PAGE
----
Similarly the Chief Eunuch, played by Jang Gwang, also expresses the change in attitude yet also serves the role of ‘the helper’ in enlightening the King’s counterpart on the issues facing the kingdom. As the more maternal of the two advisors, Jang Gwang is excellent as the subservient member of the court and brings an understated emotional core to the film, particularly in the early stages.

As the Queen, Han Hyo-joo is competent throughout. Unfortunately for her the role is generally underdeveloped and stereotypical of a beautiful woman in need of saving, yet she performs with grace and dignity.

Also worthy of mention is the loyal Captain, performed by Kim In-kwon. Initially a somewhat overshadowed character, the Captain takes a prominent position in the final act with Kim In-kwon more than adequately portraying the loyalty of a devoted man with emotion and heart.

The long suffering Queen begins to notice the differences in the new 'King'

The long suffering Queen begins to notice the differences in the new ‘King’

Verdict:

Masquerade is a wonderfully realized and incredibly entertaining film, one that uses the basis of The Prince and the Pauper and rapidly makes it into a uniquely Korean period production. Alongside the very well-written, well-paced script is visually stunning direction and, while it somewhat lacks in scale, it conveys the colourful regal elegance with striking skill. Yet it is Lee Byeong-heon who gives the film heart with his exceptional dual performances that serve to emphasis the gulf between the classes in society and the injustices that, no-matter the era, plague the ruling elite. Masquerade is undoubtedly one of the best films of the year and is highly, highly recommended.

★★★★☆

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Sun-woo's arrogance leads to his downfall

A Bittersweet Life (달콤한 인생) – ★★★★★

A Bittersweet Life (달콤한 인생)

A Bittersweet Life (달콤한 인생)

Contemporary action heroes are markedly different from their forebearers. Fragments of the stoic hard-boiled masculinity of the noir 1930s, the rebellious ‘anti-hero’ escapades of the ’60s, and the hyper-masculinity of the ’80s amongst others still exist yet are characterised by more psychologically flawed and vulnerable protagonists. The psychosis of the contemporary action hero is propagated further by his/her unfettered arrogance which often serves to be the source of their appeal; they may be murderous unhinged individuals, but they conduct violence with such swagger and confidence that popularity is undoubtedly assured. The most recent incarnation of James Bond, played by Daniel Craig, is a prime example of such characterisation and differs incredibly from previous actors rendition of the spy. Such traits are of fundamental significance in Kim Ji-woon’s (김지운) A Bittersweet Life (달콤한 인생), an amazingly stylised action noir thriller that boasts an incredible performance from leading man Lee Byeong-Heon (이병헌).

Kim Sun-woo (Lee Byeong-Heon) is an enforcer for ruthless gangster and hotel owner Mr. Kang (Kim Young-cheol (김영철). Sun-woo is the epitome of diligence and loyalty, protecting his boss’ interests above all else including beating lower-tier gangsters that visit the establishment to cause trouble. Before a business trip to Shanghai, Mr. Kang orders Sun-woo to watch his young girlfriend Hee-soo (Sin Min-ah (신민아) for fear she is meeting another, younger, man. If Sun-woo confirms his suspicions, he must ‘take care’ of the situation. Yet when Sun-woo meets Hee-soo he is captivated by her, and cannot fulfill his obligations when her affair is discovered. Enraged, Mr. Kang orders his men to punish Sun-woo, setting in motion a series of events that tests both men to their limits.

Sun-woo is an arrogant, lethal enforcer for Mr. Kang

Sun-woo is an arrogant, lethal enforcer for Mr. Kang

As expected from auteur  Kim Ji-woon, A Bittersweet Life is technically fantastic with wonderful framing and composition, and superb use of mise-en-scene. The writer/director combines a multitude of different generic features seamlessly. The elegant gangster inspired ‘La Dolce Vita’ restaurant is exquisitely constructed, with a title that becomes a recurring subliminal pun throughout the film. The ultra-violent action sequences are brutal and shocking in their presentation, often accompanied by noir-esque shadows and suspense. The inclusion of romantic motifs are subtle yet moving as close up shots of minor mannerisms effect Sun-woo, that ultimately lead to his downfall. Sun-woo’s loneliness is consistently emphasised by framing devices that convey his isolation, as do the angled shots that portray the trajectory of his devolution down the gangster hierarchy. Kim Ji-woon’s renowned use of colour is on full display, from the bright white corridors that lead to the deep red and black interior of ‘La Dolce Vita’ to the continued use of bright lights surrounding love-interest Hee-soo. This subtly ties into Sun-woo’s almost obsessive compulsive disorder for switching lamps on and off several times before sleeping, as Hee-soo is constantly surrounded by light and has a penchant for lamps of all varieties.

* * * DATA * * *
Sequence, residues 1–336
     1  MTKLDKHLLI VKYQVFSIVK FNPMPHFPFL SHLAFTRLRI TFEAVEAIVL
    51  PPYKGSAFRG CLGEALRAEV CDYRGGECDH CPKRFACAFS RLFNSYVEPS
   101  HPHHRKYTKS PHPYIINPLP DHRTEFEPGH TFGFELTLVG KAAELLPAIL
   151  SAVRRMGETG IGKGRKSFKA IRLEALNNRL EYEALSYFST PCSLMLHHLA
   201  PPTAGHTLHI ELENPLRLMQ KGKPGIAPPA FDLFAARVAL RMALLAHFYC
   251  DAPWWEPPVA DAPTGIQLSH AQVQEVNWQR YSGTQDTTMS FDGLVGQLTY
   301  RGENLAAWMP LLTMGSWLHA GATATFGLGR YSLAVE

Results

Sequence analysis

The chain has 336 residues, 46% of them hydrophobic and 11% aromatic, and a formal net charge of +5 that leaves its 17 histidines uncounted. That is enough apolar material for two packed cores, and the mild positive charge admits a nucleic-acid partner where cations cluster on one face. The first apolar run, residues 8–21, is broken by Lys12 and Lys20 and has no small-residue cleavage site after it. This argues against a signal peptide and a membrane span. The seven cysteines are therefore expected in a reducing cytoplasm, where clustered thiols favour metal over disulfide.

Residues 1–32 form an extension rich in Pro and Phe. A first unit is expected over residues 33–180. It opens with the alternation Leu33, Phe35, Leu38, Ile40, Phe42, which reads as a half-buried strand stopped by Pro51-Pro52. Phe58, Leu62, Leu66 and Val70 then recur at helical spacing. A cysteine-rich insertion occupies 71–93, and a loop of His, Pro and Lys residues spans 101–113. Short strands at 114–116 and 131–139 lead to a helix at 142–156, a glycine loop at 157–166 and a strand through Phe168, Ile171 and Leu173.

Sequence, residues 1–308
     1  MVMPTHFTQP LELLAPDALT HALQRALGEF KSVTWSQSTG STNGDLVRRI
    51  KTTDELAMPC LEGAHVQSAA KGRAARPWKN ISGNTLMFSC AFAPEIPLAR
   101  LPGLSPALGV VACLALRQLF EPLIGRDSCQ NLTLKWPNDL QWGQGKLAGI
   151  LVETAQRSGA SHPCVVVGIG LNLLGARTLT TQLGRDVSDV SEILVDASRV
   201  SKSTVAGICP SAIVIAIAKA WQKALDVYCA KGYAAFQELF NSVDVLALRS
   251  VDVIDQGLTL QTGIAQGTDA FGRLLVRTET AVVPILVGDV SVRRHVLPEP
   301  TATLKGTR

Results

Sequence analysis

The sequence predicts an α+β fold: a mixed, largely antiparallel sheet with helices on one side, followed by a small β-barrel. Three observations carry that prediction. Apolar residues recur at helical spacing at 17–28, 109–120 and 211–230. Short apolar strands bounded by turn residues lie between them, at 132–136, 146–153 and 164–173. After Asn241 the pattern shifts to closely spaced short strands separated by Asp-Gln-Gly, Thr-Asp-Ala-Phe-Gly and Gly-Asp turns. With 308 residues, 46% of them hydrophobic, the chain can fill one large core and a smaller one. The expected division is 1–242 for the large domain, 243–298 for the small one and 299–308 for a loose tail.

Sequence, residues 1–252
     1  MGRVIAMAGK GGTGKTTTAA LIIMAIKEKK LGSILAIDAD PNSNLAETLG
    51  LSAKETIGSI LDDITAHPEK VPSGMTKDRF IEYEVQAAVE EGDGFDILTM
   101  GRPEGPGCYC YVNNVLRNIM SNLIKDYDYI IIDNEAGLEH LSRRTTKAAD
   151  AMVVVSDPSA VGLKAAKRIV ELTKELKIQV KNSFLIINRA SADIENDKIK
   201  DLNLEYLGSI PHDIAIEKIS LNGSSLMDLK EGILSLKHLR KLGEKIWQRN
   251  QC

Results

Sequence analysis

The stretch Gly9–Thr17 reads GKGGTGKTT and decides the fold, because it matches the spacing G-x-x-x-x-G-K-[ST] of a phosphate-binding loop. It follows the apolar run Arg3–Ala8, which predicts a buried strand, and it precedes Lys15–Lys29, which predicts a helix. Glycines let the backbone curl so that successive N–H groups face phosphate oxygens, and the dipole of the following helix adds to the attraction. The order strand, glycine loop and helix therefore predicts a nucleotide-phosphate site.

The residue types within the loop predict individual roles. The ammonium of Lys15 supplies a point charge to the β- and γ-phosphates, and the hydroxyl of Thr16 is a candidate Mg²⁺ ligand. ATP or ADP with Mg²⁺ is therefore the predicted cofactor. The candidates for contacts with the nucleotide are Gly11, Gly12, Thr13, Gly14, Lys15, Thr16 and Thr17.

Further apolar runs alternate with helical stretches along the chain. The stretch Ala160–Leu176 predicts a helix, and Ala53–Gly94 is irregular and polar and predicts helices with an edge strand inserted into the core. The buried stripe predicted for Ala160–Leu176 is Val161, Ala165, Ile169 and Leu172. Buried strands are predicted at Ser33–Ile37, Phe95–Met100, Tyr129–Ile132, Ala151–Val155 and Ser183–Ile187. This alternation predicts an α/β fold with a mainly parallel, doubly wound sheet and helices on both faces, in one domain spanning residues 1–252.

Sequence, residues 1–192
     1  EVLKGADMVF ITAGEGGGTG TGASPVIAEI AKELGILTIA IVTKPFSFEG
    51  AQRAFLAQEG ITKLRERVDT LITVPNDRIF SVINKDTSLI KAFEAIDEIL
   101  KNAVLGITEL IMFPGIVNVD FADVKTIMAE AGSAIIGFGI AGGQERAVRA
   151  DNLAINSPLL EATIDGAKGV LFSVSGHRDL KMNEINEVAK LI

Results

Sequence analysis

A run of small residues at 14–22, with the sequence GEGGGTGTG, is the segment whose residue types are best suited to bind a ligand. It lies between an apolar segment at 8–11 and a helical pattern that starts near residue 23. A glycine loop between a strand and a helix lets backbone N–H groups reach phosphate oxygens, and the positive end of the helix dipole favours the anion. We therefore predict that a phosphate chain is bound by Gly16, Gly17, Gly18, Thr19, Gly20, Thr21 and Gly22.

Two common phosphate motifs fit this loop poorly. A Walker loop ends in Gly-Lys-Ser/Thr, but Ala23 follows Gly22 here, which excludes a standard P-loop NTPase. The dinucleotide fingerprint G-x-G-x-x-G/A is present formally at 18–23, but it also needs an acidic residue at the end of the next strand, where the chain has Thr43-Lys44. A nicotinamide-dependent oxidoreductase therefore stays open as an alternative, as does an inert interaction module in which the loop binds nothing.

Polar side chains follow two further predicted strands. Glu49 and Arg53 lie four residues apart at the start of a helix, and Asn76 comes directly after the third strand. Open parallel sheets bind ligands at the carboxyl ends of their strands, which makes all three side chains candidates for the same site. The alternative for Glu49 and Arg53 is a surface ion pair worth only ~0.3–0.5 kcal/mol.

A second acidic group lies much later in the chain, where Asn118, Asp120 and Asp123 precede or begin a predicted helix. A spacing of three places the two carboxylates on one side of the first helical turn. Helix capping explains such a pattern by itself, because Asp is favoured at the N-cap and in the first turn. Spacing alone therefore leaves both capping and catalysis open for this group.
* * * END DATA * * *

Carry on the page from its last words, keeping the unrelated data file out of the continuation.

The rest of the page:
Sun-woo escorts Hee-soo, whose subtle charms impair his judgment

Sun-woo escorts Hee-soo, whose subtle charms impair his judgment

Sun-woo is an incredibly arrogant and prideful protagonist, wonderfully portrayed by Lee Byeong-Heon. The intensity and conflict from his previous roles serves him well as Sun-woo’s narrative journey takes him from the upper echelons of the gang to crawling on his knees. And yet Sun-woo still refuses to acknowledge his feelings or to apologise, just as Mr. Kang refuses to change his stance to spare his dignity. They are mirrors of each other not just in personality and career but also in their affection for Hee-soo, and it’s ultimately that jealousy that destroys them all including the organisation. The final images of Sun-woo shadow boxing with his own reflection in ‘La Dolce Vita’ are tragically revealing, as his narcissistic spirit is forever locked in an internal love/hate battle with himself and his organisation. The other actors all convey great performances, although they are somewhat underdeveloped. Sin Min-ah conveys innocence and naivety as Hee-soo, and immeasurable sadness when her affair is brought to light. Kim Young-cheol is wonderfully sadistic as Mr. Kang and the mirror of Sun-woo, conveying real internal conflict when giving orders against his protege. As jealous second lieutenant Mun-suk, Kim Roi-ha is delightfully vindictive despite his limited character.

Sun-woo's arrogance leads to his downfall

Sun-woo’s arrogance leads to his downfall

Verdict:

A Bittersweet Life is an incredibly stylised action/gangster/noir thriller that is head-and-shoulders above other recent examples of the genre. As always, director Kim Ji-woon doesn’t disappoint, employing a variety of generic motifs to wonderful effect that keeps the film moving at a brisk pace without detracting from lead character Sun-woo’s development. Lee Byeong-Heon gives a wonderful performance as the flawed anti-hero, and despite his violent tendencies and arrogance is one of the most compelling action protagonists in recent memory. A Bittersweet Life is a premier example of the innovation of Korean cinema, and a more than worthy addition to the genre.

★★★★★